Colorado Rockies morning after: Antonio Senzatela’s secret weapon

DENVER, CO - JULY 3: Antonio Senzatela #49 of the Colorado Rockies is congratulated in the dugout after throwing seven scoreless innings against the San Francisco Giants at Coors Field on July 3, 2018 in Denver, Colorado. (Photo by Justin Edmonds/Getty Images)
DENVER, CO - JULY 3: Antonio Senzatela #49 of the Colorado Rockies is congratulated in the dugout after throwing seven scoreless innings against the San Francisco Giants at Coors Field on July 3, 2018 in Denver, Colorado. (Photo by Justin Edmonds/Getty Images) /
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Antonio Senzatela returned to the Colorado Rockies rotation with a splash on Tuesday night at Coors Field. The 23-year-old right-hander threw seven scoreless innings, allowing just three hits and striking out as the Rockies continued their home domination of the San Francisco Giants with an 8-1 shellacking in front of 48,072 fans.

It could have been a different story had it not been for Senzatela getting out of a first-inning jam. San Francisco’s Alen Hanson opened the game with a single and moved to third on Brandon Crawford’s two-out single. With the Giants threatening to grab the early lead, Senzatela went 2-0 on Pablo Sandoval … and then he did something that the Rockies have pushed for all of their young pitchers to do. He went with a changeup.

Sandoval popped his changeup up to Trevor Story, who cradled the catch for the final out. The inning and threat were suddenly over.

According to BaseballSavant.com, that changeup was one of 14 thrown by Senzatela on the night, third in his arsenal of pitches behind the fastball (61 pitches) and slider (17 pitches). It may not seem like a lot, but those changeups and their effectiveness were one of the reasons why Senzatela was so dominant in his return to the Rockies rotation.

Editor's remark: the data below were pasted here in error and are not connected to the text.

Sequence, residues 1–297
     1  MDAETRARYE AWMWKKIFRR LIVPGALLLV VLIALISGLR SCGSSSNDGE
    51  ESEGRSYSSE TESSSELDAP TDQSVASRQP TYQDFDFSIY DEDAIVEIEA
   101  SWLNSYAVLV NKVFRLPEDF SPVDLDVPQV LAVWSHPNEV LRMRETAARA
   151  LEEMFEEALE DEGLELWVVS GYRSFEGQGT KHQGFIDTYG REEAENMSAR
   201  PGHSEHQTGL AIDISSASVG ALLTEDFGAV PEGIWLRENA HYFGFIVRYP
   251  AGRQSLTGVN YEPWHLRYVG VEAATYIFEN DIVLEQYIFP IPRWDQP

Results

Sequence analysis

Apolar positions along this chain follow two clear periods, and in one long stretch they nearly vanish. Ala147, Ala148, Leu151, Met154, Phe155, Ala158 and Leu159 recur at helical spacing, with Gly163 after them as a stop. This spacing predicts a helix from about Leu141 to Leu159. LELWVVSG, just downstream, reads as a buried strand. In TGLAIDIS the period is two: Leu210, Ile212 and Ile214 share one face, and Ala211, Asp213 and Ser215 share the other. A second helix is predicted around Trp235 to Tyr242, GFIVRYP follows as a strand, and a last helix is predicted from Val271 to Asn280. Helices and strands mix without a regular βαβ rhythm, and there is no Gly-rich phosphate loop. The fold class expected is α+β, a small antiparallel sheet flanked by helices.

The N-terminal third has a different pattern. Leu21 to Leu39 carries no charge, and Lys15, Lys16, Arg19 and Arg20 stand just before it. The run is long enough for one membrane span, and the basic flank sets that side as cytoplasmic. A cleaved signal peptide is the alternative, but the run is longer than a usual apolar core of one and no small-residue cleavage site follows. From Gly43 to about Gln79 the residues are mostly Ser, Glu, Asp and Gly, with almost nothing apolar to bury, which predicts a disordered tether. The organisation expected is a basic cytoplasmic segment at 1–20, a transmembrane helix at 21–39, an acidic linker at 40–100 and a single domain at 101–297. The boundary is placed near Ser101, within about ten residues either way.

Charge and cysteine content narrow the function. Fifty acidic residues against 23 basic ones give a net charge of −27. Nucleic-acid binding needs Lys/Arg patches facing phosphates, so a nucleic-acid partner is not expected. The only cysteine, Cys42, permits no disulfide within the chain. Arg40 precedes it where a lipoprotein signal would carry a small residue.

"“”That might have been the most important pitch of the game,” Colorado Rockies manager Bud Black told Rox Pile and other media members after the win. “I think the changeup is a great pitch. Senzatela, (German) Marquez, (Kyle) Freeland, some of our younger pitchers with less than two years of service time, these fellas have tried to develop a change in the minor leagues.“It takes a little time for these fellas to learn this pitch but we’re adamant about it because we know eventually it’s going to come into play.”"

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It came into play on Tuesday night … and it was a break from the norm for Senzatela. Coming into the game, he had used the changeup just 0.3 percent of his pitches in 10 relief appearances in 2018 prior to being optioned to Triple-A Albuquerque on May 3. It’s obvious it was one of the things he worked on while in New Mexico and perhaps one of the reasons why he put together a 2.15 ERA and 3-1 record in eight starts with the Isotopes.

"“I got a good result from it and I just kept throwing it,” Senzatela told members of the media after the game. “It was huge to get out of that first inning with a zero. Stranding those runners was huge, and I settled down quickly.”"

Colorado starters have been dominant in recent games. In Colorado’s last 11 games, starting pitchers have combined for a 2.99 ERA. That will make a difference in your chances at winning a Major League game … and the Rockies are winning right now, climbing back to .500 (43-43) behind Senzatela’s strong start.

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If Colorado’s young pitchers can continue to perform the way they have and use the changeup as Senzatela did on Tuesday night, it’s a very good sign for a Rockies team trying to find its way back to the postseason for the second straight campaign.

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